Phone Red 66 

MOORE & HANSON 



Phones: Res. Blue 121 Hours: 
Office Red 140 9 to 12, 2 to 5 

DR. ELTON B. JONES D. C, Ph.C. 

LICENSED CHIROPRACTOR 
702% First St. Newberg, Or. 
By appointm't evening & Sunday 



AMY'S CONFECTIONERY 
First Quality Confections 
Ice Cream 
EAST FIRST ST. NEWBERG 



Will B. Brooks 
PRINTER 

410 First St. Phone Black 22 



ECONOMY CLEANERS 

Pressing, Cleaning 
Repairing 
314 PIHST ST. NEWBERG, OR. 



"Listen In" 

WHAT YOU EAT AND WHAT 
YOU WEAK 

Get it at the 
"GOOD GOODS" HOME 

Miller Mercantile Co. 

"Good Goods" 



W. W. HOLLINGSWORTH CO. 

THE STORE OP QUALITY 

Furniture, Carpets, 
Undertakers 

500 First St. Newberg, Ore. 
v s 



DB. THOS. W. HESTER 
Physician and Surgeon 
Office in Dixon Building 
NEWBERG, - OREGON 



Sherlock's Restaurant 

BIG EATS FOR 
LITTLE MONEY 



Yours for Service and Quality 

ELECTRIC SHOE SHOP 

JASPER BALES, Proprietor 



C. A. MOBBIS 
OPTICIAN 
JEWELER 



CLARENCE BUTT 
Attorney 

Office second floor Union Block 



DB. JOHN S. RANKIN 
Physician & Surgeon 
Office Phone Black 171 
Residence Phone Gray 171. 
Office over TJ. S. National Bank 



ALLEN D. ALBERT 

Patrons of the lyceum course re- 
cently enjoyed a lecture by Allen 
D. Albert, sociologist and father. 
His subject was "The Young People 
of 1923." He gave first some amus- 
ing anecdotes illustrating the dis- 
tinguishing characteristics of Euro- 
pean and American soldiers in the 
late war. It was due to the exigen- 
i cies of war that America began to 
get acquainted with its young men. 
An there Mr. Albert's lecture begins. 

The American army was made up 
of the tallest men who ever marched 
to battle. "Whatever we may say of 
today's young men, they are not 
runts." The speaker also spoke, and 
with deepest approval, of the grow- 
ing interest and proficiency of young 
women in athletics. 

The physical disposed of, he pro- 
ceeded to discuss the mental caliber 
of our youth, showing the advance 
' in intelligent educational methods, 
. both general and imoral. It was here 
I that his interest as a father made it- 
self evident. He believes the guid- 
ance of natural tendencies and de- 
sires rather than the exaction of 
conformation to fixed standards to 
be the duty of parents. 
1 A striking point which he made 
was that illegitimacy has decreased 
very considerably since the prohi- 
bition amendment went into effect. 
The percentage of illegitimate births 
has been relatively low in our coun- 
try, and it is possible for us to keep 
it so. 

The two tendencies which he re- 
' gards as deplorable are that of 
j cheap-mindedness fostered by the 
; Sunday newspaper, the bad movie 
I and the salacious song and story 
I writers, and the tendency of the 
young to drift away from the church. 
I The one duty of the church, he says, 
I is to teach the divinity of Christ 
| and to exalt the life of Christ as an 
example. The war proved that the 
young men of today are hungry for 
just that message. But the church 
I will draw the young to her only in- 
i sofar as she can minister, first, to 
their social demands. 

o 

I. 0. A. 0. HAS MEETING 

At a recent meeting of the exec-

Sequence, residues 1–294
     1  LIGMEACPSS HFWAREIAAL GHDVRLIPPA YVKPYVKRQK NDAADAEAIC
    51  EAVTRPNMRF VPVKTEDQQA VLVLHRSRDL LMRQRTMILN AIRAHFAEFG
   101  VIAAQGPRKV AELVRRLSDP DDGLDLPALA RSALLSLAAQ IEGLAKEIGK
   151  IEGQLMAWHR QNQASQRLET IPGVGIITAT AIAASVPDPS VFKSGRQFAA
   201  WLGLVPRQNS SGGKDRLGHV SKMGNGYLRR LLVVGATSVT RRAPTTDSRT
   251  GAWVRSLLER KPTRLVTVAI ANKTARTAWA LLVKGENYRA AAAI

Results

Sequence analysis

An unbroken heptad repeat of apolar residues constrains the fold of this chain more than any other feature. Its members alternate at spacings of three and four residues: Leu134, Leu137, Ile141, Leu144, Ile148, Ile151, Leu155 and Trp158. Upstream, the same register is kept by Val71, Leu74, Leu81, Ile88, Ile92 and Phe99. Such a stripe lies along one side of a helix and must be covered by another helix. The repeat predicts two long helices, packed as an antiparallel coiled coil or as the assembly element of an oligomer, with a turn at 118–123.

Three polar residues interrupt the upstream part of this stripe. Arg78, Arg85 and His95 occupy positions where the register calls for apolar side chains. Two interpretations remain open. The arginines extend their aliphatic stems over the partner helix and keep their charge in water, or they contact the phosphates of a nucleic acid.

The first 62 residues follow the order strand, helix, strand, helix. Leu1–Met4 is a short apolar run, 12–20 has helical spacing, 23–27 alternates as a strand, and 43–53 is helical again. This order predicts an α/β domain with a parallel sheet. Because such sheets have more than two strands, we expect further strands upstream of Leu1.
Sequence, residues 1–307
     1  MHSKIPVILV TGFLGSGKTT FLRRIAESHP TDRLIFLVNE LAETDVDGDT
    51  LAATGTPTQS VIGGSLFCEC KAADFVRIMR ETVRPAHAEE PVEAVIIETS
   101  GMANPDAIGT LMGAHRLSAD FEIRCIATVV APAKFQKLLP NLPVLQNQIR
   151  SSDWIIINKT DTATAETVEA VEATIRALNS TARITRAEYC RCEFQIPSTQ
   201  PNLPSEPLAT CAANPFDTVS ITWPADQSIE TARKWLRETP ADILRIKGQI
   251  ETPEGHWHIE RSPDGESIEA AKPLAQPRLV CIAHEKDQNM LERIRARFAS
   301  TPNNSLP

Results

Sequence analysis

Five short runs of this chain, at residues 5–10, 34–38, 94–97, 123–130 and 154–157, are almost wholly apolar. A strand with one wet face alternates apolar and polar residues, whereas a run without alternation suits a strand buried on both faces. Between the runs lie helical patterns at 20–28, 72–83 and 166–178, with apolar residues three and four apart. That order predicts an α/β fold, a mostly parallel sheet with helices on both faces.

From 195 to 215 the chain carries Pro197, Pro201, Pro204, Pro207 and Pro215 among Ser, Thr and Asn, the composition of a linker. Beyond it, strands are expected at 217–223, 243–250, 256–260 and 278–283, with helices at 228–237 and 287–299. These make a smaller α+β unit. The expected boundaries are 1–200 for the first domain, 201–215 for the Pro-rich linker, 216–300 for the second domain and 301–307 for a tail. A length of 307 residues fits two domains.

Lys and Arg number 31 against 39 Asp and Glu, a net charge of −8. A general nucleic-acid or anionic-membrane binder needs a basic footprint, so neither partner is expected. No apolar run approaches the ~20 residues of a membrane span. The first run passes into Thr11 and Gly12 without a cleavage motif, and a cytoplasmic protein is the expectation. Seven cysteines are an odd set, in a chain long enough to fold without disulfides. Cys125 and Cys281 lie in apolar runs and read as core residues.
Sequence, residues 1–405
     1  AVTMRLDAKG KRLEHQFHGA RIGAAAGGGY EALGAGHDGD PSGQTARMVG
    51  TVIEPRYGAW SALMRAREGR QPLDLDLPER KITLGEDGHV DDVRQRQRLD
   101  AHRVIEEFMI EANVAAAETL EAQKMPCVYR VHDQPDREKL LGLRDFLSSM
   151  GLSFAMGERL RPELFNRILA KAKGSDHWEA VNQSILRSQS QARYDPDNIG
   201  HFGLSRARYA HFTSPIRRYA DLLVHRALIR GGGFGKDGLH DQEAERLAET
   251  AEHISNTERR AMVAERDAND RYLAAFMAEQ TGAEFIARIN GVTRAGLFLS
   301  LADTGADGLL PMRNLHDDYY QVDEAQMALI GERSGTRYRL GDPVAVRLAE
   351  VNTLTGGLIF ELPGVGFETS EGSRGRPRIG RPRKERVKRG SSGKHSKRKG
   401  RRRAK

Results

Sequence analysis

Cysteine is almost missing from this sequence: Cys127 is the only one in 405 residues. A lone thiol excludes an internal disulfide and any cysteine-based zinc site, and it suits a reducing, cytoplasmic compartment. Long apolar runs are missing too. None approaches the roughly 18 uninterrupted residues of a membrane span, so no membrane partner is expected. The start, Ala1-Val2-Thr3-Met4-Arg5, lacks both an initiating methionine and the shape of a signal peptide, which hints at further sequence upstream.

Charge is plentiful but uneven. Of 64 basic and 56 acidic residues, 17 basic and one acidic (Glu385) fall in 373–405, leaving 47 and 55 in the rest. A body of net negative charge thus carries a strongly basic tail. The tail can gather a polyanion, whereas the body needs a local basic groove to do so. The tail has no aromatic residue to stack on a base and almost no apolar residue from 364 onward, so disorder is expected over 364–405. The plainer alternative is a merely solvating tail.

I utive committee of the Intercollegi- 
I ate Oratorical association of Oregon 
the committee put itself on record 
| as favoring the fonmation of a Pa- 
cific and Northwestern Oratorical as- 
sociation, including the state asso- 
ciations of Oregon, Washington, Ida- 
ho, California and Montana. By 
means of such an organization ora- 
tory will be given a more important 
place in intercollegiate activities and 
this section of the country can be 
better represented in national con- 
tests. 

According to a plan formulated 
by a group of college and university 
men of this section, an annual con- 
test would be held at one of the 
. schools holding state honors. The lo- 
' cal expenses of the contest would be 
taken care of by admission charges, 
the surplus to go to the entertaining 



BERT'S PLACE 
QUICK LUNCH 

NEXT TO McCOY'S GARAGE 



CAMPBELL'S CONFECTIONERY 
Hoeffler's Chocolates 
"MACBETH" 

Shakespeare's Classic, for Sale 



college for the advancement of for- 
ensics, and the deficit to be cared 
for by the association, if necessary. 
The prize money would be raised by 
the assessment of a fee to each col- 
lege in the association. 

The committee expects to present 
also, at the next meeting of the Ore- 
gon association, a suggestion for a 
permanent award to replace the med- 
al, which is not uniform, and which 
has little appeal to the present day 
student. 

o 

(From Oregonian of Dec. 3.) 

Eugene, Dec. 2. — Dr. Levi T. Pen- 
nington, president of Pacific at New- 
berg, today was elected president of 
the Association of Independent Col- 
leges of Oregon. 



Nine rahs for Prexy. 



PARLOR PHARMACY 

H. A. COOLEY, PROPRIETOR 
Ice cream and candies. We feature the famous Lowney'a candies. 
Kodaks, Cameras and Supplies 



E. C. BAIRD 
GENERAL MERCHANDISE 
WE APPRECIATE YOUR PATRONAGE 
Phone Red 37 



UNITED STATES NATIONAL BANK 
BOLL OF H0N0B BANK 
Capital and Surplus $100,000 

Accounts of students, faculty and friends of Pacific College invited 
INTEREST PAID ON SAVINGS 



FIB S T NATIONAL BANK 
Newberg, Oregon 
KEEP Y0UB RESERVE FUNDS WITH US 

INTEREST PAID ON SAVINGS ACCOUNTS 



Ralph W. VanValin 



DENTISTRY 
X-Ray Diagnosis 



0VEE U. S. BANK 



E. H. UTTEK, DENTIST 
DENTAL RADIOGRAPHY 

OFFICE OVER FIRST NATIONAL BANK 
Office Phone Black 31 Residence Phone White 174 



Graham's Drug Store 

SCHOOL SUPPLIES KODAK FINISHING 

HEADQUARTERS FOR PERIODICALS 



S. M. CALKINS & SONS 
GABAGE 

All Kinds of Repair Work Tires and Accessories 



STUDENTS ! GET Y0UE BASKETBALL SUPPLIES 

AT 

Parker Hardware Co. 



When you sit down to a meal you like to know that your food came 
from a store where reputation counts — a store where best quality 
goods are really best quality. Honest values make us grow. 

J. L. VAN BLABIC0M 



CHEERFUL SERVICE AT 

Larkin-Prince Hardware Co.